"Scientology - More than a cult?"
L. Kin, Volume One
Text Sample: Preface
To start off with an anecdote: when I - a young student at the scientology organisation at St.Hill, England, - took my first training courses in the mid-seventies, I was all curiosity and enthusiasm. Yet already in the first week of my being there I had a rather sobering experience, the significance of which didn't dawn on me till many years later. Right outside the course room area, on the lawn, there were some benches. They served - in summer - as an "open air waiting room" for the public who took services in the organisation.
Sitting on one of these benches I met an old man. He was crying. When I askedhim what the matter was, he answered: "Scientology is a marvellous thing if it weren’t for the people who run it."
This simple statement contains - in a nutshell - the whole paradox of scientology. Its founder called it "an applied religious philosophy", but what you see from the outside is big business, scandals, extortion of money from people, governments banning it, the press tearing it up, and what not. On the one hand you have L.Ron Hubbard, a prolific writer and free thinker, and on the other hand a Church of Scientology which anxiously and jealously keeps Hubbard's teachings a secret and considers itself to have a monopoly on them. Here is a man who - in his "Code of a Scientologist" - gives all scientologists the right "to keep Scientologists, the Public and the Press accurately informed concerning Scientology (. . .)", and there you have an apparatus which condemns and prosecutes anyone who does so.
Much has been said about the Church of Scientology (abbreviated to "CofS" from here on) in the media, none of it was good. Much has been said about L.Ron Hubbard, none of it complimentary. I am not going to repeat it. It can be read elsewhere. Yet in order to show how a basically good thing became distorted and perverted partly by its founder and partly by the apparatus he built to promote it, I will have to dedicate Part One of this book to the development of scientology, its founder and the CofS.
Mainly, though, I am going to talk about the thing itself, about the intention and the crusade of Hubbard, about scientology philosophy and its application. This is the concern and the purpose of this book. What is this thing called scientology? What makes people at first rave about it and later condemn it, waste their lives and finances for it, makes them put the blame for their spiritual happiness and failure on it? Is it useful or isn't it? Does it help or does it destroy? - These questions I will try to suggest answers to.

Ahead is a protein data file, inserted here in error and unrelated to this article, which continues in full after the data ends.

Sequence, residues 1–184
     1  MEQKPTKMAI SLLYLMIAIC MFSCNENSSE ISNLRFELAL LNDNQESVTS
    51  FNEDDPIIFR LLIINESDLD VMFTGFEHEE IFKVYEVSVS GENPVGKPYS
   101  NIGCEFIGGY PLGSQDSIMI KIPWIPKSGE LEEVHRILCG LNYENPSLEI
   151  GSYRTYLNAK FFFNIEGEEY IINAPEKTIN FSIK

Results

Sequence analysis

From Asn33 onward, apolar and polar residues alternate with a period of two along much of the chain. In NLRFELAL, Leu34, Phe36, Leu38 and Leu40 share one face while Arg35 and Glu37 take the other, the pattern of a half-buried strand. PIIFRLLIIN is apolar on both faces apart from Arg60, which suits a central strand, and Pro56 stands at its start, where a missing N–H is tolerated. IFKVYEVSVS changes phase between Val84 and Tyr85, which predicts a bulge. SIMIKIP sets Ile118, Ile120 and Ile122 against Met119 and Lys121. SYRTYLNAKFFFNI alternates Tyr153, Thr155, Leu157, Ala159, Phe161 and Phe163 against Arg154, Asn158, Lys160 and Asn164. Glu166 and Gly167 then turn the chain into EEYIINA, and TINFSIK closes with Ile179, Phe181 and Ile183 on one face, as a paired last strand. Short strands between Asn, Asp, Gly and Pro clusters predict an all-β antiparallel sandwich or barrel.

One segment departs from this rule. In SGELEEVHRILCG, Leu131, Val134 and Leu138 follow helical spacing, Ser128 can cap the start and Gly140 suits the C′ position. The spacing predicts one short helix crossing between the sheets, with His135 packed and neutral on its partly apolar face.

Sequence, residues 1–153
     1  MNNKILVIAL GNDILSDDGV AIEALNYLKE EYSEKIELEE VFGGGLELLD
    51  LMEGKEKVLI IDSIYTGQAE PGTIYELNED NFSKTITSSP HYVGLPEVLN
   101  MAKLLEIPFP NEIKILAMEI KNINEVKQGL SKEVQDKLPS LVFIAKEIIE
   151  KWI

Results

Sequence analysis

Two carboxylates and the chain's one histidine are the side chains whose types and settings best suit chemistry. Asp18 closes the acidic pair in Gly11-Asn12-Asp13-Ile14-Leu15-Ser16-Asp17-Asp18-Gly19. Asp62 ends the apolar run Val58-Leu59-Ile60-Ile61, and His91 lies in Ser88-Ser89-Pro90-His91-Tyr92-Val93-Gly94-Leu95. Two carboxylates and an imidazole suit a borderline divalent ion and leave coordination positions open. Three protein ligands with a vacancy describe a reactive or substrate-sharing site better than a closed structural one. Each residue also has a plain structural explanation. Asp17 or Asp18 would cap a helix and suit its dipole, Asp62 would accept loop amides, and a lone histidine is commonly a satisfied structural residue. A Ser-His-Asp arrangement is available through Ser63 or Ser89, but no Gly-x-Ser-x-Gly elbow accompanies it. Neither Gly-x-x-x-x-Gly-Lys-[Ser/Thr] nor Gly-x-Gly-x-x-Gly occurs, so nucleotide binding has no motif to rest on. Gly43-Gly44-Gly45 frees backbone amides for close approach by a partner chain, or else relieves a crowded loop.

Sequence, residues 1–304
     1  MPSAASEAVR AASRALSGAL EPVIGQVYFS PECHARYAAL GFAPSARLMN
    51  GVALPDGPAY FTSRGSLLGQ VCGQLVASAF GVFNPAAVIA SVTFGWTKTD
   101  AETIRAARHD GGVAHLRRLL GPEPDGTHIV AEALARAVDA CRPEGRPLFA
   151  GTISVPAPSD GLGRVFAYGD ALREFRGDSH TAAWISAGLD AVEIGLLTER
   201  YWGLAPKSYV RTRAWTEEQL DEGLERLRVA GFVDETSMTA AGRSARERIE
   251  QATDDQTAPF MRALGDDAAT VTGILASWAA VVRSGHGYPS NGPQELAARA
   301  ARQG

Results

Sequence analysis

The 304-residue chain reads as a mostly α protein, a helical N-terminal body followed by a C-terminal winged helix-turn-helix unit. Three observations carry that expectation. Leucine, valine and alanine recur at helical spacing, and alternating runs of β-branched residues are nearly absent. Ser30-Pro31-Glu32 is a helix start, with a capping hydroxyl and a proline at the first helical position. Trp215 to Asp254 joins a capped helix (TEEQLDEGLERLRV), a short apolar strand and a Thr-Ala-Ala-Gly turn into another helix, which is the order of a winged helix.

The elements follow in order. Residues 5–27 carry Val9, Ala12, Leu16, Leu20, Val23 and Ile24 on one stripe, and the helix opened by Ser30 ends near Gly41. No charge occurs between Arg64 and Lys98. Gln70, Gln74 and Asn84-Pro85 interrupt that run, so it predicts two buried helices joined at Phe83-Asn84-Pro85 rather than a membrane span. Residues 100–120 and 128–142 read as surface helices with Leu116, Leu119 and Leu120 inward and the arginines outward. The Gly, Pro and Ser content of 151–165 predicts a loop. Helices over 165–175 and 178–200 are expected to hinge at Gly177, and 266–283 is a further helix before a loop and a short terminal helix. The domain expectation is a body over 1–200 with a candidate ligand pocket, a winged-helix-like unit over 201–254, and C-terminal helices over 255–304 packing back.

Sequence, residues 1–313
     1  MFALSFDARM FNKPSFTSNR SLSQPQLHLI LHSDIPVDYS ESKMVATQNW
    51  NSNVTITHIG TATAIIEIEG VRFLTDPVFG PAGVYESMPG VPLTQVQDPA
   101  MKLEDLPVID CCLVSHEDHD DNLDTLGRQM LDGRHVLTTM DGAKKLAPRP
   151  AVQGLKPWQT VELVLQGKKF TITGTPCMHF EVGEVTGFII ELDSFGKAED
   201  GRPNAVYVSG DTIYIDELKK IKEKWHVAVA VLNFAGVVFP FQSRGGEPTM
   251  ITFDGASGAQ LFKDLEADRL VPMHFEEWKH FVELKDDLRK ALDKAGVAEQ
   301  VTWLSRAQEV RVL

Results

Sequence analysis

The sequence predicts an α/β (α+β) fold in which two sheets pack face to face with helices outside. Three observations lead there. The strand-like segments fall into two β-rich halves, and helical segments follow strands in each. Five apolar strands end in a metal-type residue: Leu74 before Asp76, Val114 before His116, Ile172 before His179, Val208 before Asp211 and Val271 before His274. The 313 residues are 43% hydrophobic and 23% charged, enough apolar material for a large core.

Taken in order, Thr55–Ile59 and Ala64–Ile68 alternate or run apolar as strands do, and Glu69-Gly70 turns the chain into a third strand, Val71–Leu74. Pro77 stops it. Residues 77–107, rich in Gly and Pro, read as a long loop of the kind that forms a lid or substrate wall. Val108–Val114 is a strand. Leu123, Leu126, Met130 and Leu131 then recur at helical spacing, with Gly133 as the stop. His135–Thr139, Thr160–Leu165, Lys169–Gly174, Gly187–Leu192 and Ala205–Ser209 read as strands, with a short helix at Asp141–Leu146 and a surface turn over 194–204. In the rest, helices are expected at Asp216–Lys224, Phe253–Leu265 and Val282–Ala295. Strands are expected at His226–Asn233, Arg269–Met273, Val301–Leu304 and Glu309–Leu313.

When I assert that scientology is a "basically good thing", I am speaking from my own background of a good ten thousand hours spent doing therapy work with its methods. The time after 1983 plays a greater role regarding the therapy concepts I developed than the time before.
This is because in 1983 the fascist machinations inside the Church of Scientology had reached their peak; out of protest I resigned from my membership - along with thousands of others - and started my own practice. Over the years I succeeded in stripping off the mental narrowness the CofS cultivates in its members and approaching the core of the matter, both in theory and in practice.
The teachings of Hubbard do offer many possibilities of helping people - be it with regard to their troubles and sorrows or their psychosomatic illnesses. How one uses this body of knowledge, is a different matter. Whether one uses it successfully or not, depends on how well one understands it. This is of course true for any body of knowledge. It may be that it gets turned into an ideology, developing all sorts of dogmas, and with a personality cult growing up around its founder, as happened with the CofS. And it must be partly the founder who is to blame and partly the people who follow him in their bigoted way. However, what counts in the end, are positive results.